Author klausman
Recipients docs@python, klausman
Date 2014-01-22.14:25:04
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Message-id <1390400705.04.0.503333173013.issue20344@psf.upfronthosting.co.za>
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The subprocess docs state that the first argument can be either a string or an iterable that contains the program and arguments to run. It also points out that using shell=True allows for shell constructs. It does not mention a subtlety that is introduced by Python's use of sh -c (on Unix):

Using a string that contains the full command line with args and shell=False breaks as expected:

>>> subprocess.check_output("ls foo", shell=False)
Traceback (most recent call last):
  File "<stdin>", line 1, in <module>
  File "/usr/lib64/python3.3/subprocess.py", line 576, in check_output
    with Popen(*popenargs, stdout=PIPE, **kwargs) as process:
  File "/usr/lib64/python3.3/subprocess.py", line 824, in __init__
    restore_signals, start_new_session)
  File "/usr/lib64/python3.3/subprocess.py", line 1448, in _execute_child
    raise child_exception_type(errno_num, err_msg)
FileNotFoundError: [Errno 2] No such file or directory: 'ls foo'

Using shell=True instead works as expected (since foo does not exist, ls exits with non-0 and a different Exception is raised. This, too is to spec and exactly what the docs describe.

>>> subprocess.check_output("ls foo", shell=True)
ls: cannot access foo: No such file or directory
Traceback (most recent call last):
  File "<stdin>", line 1, in <module>
  File "/usr/lib64/python3.3/subprocess.py", line 589, in check_output
    raise CalledProcessError(retcode, process.args, output=output)
subprocess.CalledProcessError: Command 'ls foo' returned non-zero exit status 2

Using shell=False and making the command a list of command and args does the same thing:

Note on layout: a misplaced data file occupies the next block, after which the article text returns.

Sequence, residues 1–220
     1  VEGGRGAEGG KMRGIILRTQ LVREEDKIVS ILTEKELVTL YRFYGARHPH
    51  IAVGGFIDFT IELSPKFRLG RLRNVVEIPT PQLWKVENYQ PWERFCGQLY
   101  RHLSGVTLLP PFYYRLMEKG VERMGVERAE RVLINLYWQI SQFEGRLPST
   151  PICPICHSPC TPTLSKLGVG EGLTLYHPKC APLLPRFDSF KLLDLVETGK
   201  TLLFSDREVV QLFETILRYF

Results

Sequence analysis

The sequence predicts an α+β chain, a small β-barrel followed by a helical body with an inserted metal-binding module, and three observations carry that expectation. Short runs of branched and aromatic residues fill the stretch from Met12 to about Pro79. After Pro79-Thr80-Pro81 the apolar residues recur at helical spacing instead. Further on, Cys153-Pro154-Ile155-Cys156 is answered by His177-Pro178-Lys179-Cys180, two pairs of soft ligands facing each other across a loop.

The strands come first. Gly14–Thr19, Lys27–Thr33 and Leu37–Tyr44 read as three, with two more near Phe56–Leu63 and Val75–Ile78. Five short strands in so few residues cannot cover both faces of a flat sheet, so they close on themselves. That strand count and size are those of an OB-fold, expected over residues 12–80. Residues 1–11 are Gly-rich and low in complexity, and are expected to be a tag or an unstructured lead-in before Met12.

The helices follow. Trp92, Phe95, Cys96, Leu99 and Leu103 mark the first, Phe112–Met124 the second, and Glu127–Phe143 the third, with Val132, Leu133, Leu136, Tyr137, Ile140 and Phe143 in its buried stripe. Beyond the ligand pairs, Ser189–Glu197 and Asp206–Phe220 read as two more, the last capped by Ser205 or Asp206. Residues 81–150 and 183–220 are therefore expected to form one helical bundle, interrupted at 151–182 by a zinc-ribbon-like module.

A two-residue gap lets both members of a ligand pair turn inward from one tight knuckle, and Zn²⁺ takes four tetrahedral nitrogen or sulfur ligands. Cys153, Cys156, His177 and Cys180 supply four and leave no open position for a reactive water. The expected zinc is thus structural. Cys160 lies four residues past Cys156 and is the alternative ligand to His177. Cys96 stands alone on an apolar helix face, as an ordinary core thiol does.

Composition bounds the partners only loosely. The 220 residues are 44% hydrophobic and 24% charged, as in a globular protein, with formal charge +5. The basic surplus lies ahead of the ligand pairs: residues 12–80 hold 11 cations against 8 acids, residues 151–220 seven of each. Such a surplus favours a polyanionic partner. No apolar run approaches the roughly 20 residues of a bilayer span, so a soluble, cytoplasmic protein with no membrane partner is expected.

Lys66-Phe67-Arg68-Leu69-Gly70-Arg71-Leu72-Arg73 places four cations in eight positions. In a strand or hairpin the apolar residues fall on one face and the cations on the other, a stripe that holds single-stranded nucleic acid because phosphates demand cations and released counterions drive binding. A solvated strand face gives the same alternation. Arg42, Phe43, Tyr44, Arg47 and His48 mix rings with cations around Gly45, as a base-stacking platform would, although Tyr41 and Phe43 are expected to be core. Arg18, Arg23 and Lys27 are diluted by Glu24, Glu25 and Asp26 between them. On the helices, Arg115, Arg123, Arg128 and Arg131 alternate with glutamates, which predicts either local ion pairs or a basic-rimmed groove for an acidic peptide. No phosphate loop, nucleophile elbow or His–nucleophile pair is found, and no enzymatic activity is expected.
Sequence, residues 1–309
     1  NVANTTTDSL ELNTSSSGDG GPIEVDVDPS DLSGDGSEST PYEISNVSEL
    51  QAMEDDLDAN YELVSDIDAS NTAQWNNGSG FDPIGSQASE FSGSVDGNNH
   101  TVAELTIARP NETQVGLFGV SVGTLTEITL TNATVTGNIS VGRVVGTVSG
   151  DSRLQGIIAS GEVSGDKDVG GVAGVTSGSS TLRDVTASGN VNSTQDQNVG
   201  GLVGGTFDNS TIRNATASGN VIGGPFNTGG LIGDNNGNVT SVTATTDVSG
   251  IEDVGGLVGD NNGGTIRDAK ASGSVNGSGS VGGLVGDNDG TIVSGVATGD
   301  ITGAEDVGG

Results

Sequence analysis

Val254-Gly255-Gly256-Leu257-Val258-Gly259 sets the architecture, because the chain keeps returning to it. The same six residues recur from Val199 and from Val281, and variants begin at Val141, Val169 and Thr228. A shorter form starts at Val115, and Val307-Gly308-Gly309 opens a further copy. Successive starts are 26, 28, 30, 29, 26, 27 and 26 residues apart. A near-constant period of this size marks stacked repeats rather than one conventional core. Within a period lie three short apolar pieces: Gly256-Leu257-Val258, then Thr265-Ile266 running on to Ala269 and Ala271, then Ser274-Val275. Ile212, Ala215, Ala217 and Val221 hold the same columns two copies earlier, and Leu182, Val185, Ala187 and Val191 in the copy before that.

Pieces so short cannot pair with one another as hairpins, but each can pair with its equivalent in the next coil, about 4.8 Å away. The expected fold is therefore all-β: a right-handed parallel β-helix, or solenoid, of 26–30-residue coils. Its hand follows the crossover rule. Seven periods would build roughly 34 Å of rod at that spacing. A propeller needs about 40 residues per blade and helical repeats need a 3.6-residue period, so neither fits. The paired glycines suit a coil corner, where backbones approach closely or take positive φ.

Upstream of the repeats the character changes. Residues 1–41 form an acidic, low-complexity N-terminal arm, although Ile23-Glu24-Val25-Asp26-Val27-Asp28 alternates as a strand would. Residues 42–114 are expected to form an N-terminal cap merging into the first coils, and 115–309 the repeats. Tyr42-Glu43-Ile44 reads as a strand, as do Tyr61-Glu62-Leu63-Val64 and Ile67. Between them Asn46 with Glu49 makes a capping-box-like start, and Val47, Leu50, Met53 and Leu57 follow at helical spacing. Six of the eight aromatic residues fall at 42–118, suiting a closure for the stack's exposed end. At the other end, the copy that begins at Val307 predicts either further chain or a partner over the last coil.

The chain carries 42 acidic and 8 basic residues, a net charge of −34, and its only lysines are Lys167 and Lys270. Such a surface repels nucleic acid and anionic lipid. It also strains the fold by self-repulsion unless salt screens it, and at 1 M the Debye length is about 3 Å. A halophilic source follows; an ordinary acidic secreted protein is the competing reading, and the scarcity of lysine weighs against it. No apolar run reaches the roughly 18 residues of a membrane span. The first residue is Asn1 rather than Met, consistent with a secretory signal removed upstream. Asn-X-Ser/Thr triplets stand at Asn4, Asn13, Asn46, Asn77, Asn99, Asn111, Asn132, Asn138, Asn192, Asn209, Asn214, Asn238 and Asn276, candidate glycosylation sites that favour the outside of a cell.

>>> subprocess.check_output(["ls", "foo"], shell=False)
ls: cannot access foo: No such file or directory
Traceback (most recent call last):
  File "<stdin>", line 1, in <module>
  File "/usr/lib64/python3.3/subprocess.py", line 589, in check_output
    raise CalledProcessError(retcode, process.args, output=output)
subprocess.CalledProcessError: Command '['ls', 'foo']' returned non-zero exit status 2

But using an iterable _and_ requesting a shell results in something very broken:

>>> subprocess.check_output(["ls", "foo"], shell=True)
[contents of my homedir are returned]
>>>

Note that the argument "foo" completely disappears, apparently. strace() reveals that "foo" is never added to the call to "ls". Instead, it becomes $0 in the shell that ls runs in. This is exactly to spec (i.e. bash is not broken). "bash -c foo bar baz" will start a shell that sets $0 to "bar", $1 to "baz" and then executes "foo". Whereas "bash -c 'foo bar baz'" will run 'foo bar baz'.

I think there are three possible fixes here:
1- Make check_output(list, shell=True) run something like "bash -c '%s'" % " ".join(list)
2- Change the docs to warn of the unintended consequences of combining lists with shell=True
3- Make check_output() throw an Exception if the first argument is a list and shell=True

The first option would make it easiest for people to "just use it", but I fear the string manipulation may become the source of bugs with security implications in the future.

The second option keeps the status quo, but people tend to not read docs, so it may not be as effective as one would like, especially since shell-True already has warnings and people tend to go "yeah I know about unverified input, but it's not a problem for me" and then ignore both warnings.

Option 3 has the disadvantage that existing scripts that _expect_ the behavior may break.
History
Date User Action Args
2014-01-22 14:25:05klausmansetrecipients: + klausman, docs@python
2014-01-22 14:25:05klausmansetmessageid: <1390400705.04.0.503333173013.issue20344@psf.upfronthosting.co.za>
2014-01-22 14:25:04klausmanlinkissue20344 messages
2014-01-22 14:25:04klausmancreate